5 Ways To Balance Out Spicy Flavors in Your Meals

5 Ways To Balance Out Spicy Flavors in Your Meals

On occasion, we take on the challenge of powering through a dish that’s on the hot side. After spending time and love in the kitchen, it can feel disappointing to sit down and find out that your fresh meal is too hot for your tolerance level. So what can you do? Is it beyond repair? The answer is no. Here are five excellent and effective ways to balance out spicy flavors in your meals.

Add Dairy

Those who prefer high heat, like extra hot salsa macha, have probably heard the trick of drinking a glass of milk. This isn’t just a myth, though. The heat levels come from capsaicin, an organic chemical compound present in peppers. Dairy products, such as milk, sour cream, and yogurt, contain a specific protein that binds with the capsaicin called casein, which lessens the sensations that result from capsaicin.

Use Nuts and Nut Butters

Foods high in fat, such as nuts and nut butters, can help balance out the oils in capsaicin. It takes a single scoop of your favorite nut butter to neutralize the heat. It’s also a unique way to add proteins and healthy fats to whatever meal you’re making.

Squeeze In Some Citrus

Adding a squeeze of your favorite citrus fruit can also balance out spicy flavors in your meals. Some common citrus fruits are lemon and lime—people will often quarter them and squeeze them over the dish. This works because capsaicin contains an alkaline molecule, and the acidity in citrus fruits acts as a neutralizer.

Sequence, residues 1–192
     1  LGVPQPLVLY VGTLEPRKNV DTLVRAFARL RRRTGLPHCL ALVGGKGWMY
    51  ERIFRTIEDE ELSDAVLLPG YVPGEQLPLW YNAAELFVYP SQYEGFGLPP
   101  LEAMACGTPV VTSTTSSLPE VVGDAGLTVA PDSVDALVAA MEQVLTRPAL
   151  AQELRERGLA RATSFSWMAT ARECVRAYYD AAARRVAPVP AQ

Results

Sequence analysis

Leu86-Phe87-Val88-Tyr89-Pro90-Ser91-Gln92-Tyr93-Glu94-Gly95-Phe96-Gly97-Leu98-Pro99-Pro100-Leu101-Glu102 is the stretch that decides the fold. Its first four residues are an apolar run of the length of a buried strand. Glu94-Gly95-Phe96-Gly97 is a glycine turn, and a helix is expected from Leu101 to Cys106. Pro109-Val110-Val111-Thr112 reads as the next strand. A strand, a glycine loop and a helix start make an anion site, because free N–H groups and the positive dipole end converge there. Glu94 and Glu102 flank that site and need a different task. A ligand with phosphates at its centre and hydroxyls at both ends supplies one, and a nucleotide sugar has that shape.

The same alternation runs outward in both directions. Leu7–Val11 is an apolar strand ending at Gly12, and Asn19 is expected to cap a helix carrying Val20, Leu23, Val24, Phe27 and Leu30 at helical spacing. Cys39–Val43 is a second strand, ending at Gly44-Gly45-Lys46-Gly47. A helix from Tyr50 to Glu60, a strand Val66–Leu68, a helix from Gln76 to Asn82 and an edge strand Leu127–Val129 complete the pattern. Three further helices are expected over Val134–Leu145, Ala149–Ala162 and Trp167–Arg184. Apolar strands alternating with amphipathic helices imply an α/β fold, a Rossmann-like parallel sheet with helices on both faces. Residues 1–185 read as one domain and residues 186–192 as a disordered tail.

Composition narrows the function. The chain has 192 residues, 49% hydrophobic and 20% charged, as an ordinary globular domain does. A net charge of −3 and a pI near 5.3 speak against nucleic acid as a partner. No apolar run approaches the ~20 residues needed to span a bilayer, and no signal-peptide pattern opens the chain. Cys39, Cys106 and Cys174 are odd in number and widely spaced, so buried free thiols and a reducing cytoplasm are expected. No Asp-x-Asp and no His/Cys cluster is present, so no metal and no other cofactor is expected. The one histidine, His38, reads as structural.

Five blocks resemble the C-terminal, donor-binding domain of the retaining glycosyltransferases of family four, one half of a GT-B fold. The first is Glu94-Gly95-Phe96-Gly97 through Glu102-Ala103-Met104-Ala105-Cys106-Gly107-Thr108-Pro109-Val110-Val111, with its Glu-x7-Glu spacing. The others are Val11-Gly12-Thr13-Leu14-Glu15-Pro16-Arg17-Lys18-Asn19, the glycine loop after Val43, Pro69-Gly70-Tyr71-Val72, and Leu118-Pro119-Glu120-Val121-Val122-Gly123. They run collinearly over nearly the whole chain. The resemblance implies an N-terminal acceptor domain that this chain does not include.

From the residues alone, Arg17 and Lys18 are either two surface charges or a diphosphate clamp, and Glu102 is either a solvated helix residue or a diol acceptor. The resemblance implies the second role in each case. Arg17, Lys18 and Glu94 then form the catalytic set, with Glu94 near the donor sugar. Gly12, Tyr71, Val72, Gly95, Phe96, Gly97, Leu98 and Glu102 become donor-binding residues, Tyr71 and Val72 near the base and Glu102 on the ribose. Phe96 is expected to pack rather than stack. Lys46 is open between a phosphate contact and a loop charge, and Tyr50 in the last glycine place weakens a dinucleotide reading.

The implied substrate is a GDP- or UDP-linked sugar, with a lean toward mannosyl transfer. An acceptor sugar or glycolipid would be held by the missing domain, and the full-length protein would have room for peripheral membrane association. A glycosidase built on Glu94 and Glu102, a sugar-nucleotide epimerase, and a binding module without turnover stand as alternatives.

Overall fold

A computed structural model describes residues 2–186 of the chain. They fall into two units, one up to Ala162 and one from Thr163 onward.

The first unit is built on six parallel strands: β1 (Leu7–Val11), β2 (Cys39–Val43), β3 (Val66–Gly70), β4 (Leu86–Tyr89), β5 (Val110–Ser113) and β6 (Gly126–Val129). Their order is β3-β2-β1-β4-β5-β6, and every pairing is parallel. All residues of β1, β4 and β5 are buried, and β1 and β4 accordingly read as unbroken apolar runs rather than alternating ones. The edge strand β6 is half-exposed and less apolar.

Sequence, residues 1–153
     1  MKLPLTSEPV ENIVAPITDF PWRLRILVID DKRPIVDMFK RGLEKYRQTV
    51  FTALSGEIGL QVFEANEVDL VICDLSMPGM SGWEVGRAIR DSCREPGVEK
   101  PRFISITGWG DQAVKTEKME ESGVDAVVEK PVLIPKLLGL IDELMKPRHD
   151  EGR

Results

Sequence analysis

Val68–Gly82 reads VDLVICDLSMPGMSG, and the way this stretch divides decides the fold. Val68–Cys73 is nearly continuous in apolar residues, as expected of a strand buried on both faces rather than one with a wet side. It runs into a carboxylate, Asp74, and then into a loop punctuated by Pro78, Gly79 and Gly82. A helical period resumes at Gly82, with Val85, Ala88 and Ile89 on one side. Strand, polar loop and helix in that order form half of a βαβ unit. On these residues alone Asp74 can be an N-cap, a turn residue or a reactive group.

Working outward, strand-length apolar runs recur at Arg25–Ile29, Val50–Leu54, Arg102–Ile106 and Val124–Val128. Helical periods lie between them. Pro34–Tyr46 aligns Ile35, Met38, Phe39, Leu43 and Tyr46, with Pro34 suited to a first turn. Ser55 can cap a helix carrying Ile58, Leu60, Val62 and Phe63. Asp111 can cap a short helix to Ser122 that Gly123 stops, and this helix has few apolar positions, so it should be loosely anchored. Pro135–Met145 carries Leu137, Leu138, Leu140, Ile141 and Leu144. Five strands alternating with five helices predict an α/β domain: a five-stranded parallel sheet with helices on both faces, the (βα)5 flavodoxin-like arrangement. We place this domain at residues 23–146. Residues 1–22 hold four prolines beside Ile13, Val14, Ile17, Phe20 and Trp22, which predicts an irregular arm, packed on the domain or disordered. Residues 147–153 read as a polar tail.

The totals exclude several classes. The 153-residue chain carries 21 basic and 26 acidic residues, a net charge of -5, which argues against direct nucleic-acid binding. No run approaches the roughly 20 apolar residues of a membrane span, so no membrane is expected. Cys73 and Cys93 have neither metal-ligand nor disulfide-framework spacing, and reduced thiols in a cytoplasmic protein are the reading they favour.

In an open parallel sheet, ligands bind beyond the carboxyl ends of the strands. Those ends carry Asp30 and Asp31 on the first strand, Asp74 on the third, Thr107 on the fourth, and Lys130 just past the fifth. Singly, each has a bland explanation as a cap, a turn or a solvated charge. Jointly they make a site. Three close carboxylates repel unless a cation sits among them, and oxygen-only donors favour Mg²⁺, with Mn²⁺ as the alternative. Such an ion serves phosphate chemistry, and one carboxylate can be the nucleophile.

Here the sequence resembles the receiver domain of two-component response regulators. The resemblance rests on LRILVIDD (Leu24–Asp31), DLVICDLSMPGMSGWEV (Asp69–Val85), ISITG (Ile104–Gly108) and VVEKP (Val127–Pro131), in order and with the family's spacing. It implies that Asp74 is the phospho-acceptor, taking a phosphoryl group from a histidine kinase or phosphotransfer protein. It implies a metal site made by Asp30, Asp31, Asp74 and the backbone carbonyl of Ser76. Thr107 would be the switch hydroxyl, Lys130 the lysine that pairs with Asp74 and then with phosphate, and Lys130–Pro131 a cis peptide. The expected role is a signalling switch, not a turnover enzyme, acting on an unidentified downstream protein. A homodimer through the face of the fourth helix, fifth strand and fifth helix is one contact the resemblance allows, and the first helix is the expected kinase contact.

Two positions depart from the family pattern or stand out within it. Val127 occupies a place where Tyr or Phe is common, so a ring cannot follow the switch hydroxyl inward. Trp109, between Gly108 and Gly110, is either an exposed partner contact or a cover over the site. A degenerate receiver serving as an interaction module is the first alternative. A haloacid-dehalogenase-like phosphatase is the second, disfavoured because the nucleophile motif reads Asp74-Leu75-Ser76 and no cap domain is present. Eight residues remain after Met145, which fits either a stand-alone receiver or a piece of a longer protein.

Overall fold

Sprinkle In the Sugar

Many spice-lovers are familiar with the Scoville Scale, which measures the heat in peppers. But some may not know that taking these measurements requires one to establish the necessary sugar-water solution to neutralize the heat during the testing phase. Sugar is a pantry staple that serves purposes other than baking. Just add one pinch at a time until you find the right balance.

Grains and Starches

Don’t fear the power of carbs when you use them in moderation and in proper proportions. By adding a grain or starch to a spicy dish, you can balance both the heat and the meal. Things like potatoes and rice provide additional nutrients without any associated guilt, and you can pick up just a bit of rice to counteract the heat in the dish.

By balancing out the heat and matching it with your tolerance levels, you can capture the intense flavors in every bite. The goal is not to cancel out the heat but to soften it for enjoyment. Connect with Don Emilio today to learn more about our unique salsa macha flavors.